Medicare Supplement Insurance Plans (Medigap) Some Minnesota seniors purchase a Medicare Supplement Insurance policy, also known as Medigap. These plans are intended to fill in the gaps Original Medicare doesn’t cover. Some of these gaps include medical coverage while overseas, Part A and Part B copays, and excess Part B charges. Medigap doesn’t pay for anything related to Medicare Advantage. You cannot have a Medigap plan and a Medicare Advantage Plan at the same time.
  • Medigap is a good choice if you have Original Medicare and want help paying for out-of-pocket expenses you incur when you access your Part A and Part B benefits.
  • You pay a monthly premium, and most copays and coinsurance costs are covered.
  • If you have significant health care needs, want the freedom to see any Medicare provider without network restrictions, a Medigap plan offers predictable coverage and costs for Medicare-covered care.
  • Medigap doesn’t cover prescription drugs or other benefits like dental and vision.

Medicare in Minnesota by the Numbers

People enrolled in Original Medicare  Average plan cost Annual state spending per beneficiary Spending per beneficiary compared to the national average
536,822 Plan A: $0 to $499 per month*

Plan B: $170.10 per month**

$9,126 -10.00%

*Most people pay no premium, but this can vary depending on how long they paid Medicare taxes.
**This is the average number, but it can vary based on income.

Medicare Resources in Minnesota

Getting support can help when you’re making Medicare decisions. Minnesota has numerous locations where enrollees can receive help through the Department of Human Services and Department of Health, as well as many other local resources.

Minnesota Department of Human Services (DHS)

The Minnesota Department of Human Services (DHS) administers the state’s Medicare Assistance (MA) program, which helps low-income seniors age 65 and over pay for their Medicare coverage. For many who qualify, the only cost for their health insurance with MA is their copays. If your income is too high to qualify for MA, you may be eligible for a spenddown, which acts like an insurance deductible helping pay for part of your coverage.

Contact information: Website |  800-333-2433

Minnesota Department of Health

The Minnesota Department of Health works to protect and improve the health of Minnesota residents of all ages. To that aim, it provides a variety of services, such as public support for those with chronic disease and injuries and systems to ensure the health of families and communities in the state. The Department of Health is also responsible for health reforms of the state’s health and medical system.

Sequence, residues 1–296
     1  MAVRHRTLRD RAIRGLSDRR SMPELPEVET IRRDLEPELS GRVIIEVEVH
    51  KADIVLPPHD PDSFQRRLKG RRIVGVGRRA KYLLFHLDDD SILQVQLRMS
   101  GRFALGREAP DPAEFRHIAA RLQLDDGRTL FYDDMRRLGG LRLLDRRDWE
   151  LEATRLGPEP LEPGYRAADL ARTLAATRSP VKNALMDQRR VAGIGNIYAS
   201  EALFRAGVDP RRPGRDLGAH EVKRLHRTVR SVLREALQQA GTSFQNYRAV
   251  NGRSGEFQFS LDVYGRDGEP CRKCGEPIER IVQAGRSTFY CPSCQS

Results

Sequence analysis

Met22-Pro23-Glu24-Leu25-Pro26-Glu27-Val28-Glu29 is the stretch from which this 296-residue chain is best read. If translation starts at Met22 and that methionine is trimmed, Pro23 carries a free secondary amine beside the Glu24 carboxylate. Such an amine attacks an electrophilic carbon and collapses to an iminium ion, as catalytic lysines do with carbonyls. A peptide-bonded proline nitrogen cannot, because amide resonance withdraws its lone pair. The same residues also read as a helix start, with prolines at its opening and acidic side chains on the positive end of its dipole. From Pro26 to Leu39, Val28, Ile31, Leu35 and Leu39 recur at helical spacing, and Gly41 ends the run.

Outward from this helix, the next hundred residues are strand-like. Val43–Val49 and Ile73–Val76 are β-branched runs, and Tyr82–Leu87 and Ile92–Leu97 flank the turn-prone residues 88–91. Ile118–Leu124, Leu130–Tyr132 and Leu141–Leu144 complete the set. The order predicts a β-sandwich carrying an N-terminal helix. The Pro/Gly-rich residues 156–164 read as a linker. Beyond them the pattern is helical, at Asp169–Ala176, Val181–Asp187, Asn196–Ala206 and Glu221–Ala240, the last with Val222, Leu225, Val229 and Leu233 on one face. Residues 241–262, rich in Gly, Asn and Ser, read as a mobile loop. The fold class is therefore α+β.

Contact information: Website | 1-800-366-6888

Senior LinkAge Line

Minnesota seniors can get unbiased counseling on Medicare topics through the Senior LinkAge. Counselors can help with Original Medicare Parts A and B, prescription drug coverage or Medicare Advantage Plans. You can also sign up for Minnesota Medicare email updates to stay abreast of any changes to the state or federal plans.

Contact information: Website | 800-333-2433

SMRLS represents Minnesota seniors age 60 and older in legal concerns regarding Social Security, Medical Assistance, nursing home or other senior concerns. SMRLS focuses on those who are the most in need financially, but since there is no means test to qualify for representation, anyone can get help.

Contact information: Website |  1-888-575-2954

Trellis

Trellis is the Area Agency on Aging for the Twin Cities metro area. Trellis provides one-on-one counseling to local seniors to help them evaluate their Medicare options. You can receive counseling whether you’re an existing or new Medicare beneficiary. Counseling sessions are by appointment only. You can also sign up for free online webinars on Medicare topics through Trellis’ website.

Contact information: Website |  800-333-2433

Kelly-Blackwell Headshot
Certified Senior Advisor (CSA)Ⓡ

As a health care professional since 1987, Kelly Blackwell has walked alongside and cared for seniors as they journey through the season of their fourth quarter of life. Blackwell holds a Bachelor of Science in nursing from the University of Northern Colorado, a Master of Science in health care administration from Grand Canyon University, an interprofessional graduate certificate in palliative care from the University of Colorado Anschutz Medical Campus and holds a Certified Senior Advisor® credential from the Society of Certified Senior Advisors.

Blackwell contributes to the University of Colorado-Anschutz blog and has been published in “The Human Touch” distributed by the University of Colorado Center for Bioethics and Humanities. She cowrote “Dying Is” for Pathways Hospice.

A registered nurse, Blackwell understands health insurance choices influence quality of life and are driven by values, goals, and beliefs. She’s passionate about engaging with, educating, and empowering seniors as they navigate the health care system. She’s equipped to lend an experienced, compassionate voice to beneficiaries seeking information about Medicare Advantage Plans.

As a CSAⓇ, Blackwell has access to valuable resources for Medicare beneficiaries. Her work as a bedside nurse and clinical manager has given her the opportunity to see how Medicare rules, regulations, and benefits work when patients need them. With a passion to learn and to make a difference in the lives of seniors, Blackwell supports seniors through Medicare and fourth-quarter life decisions.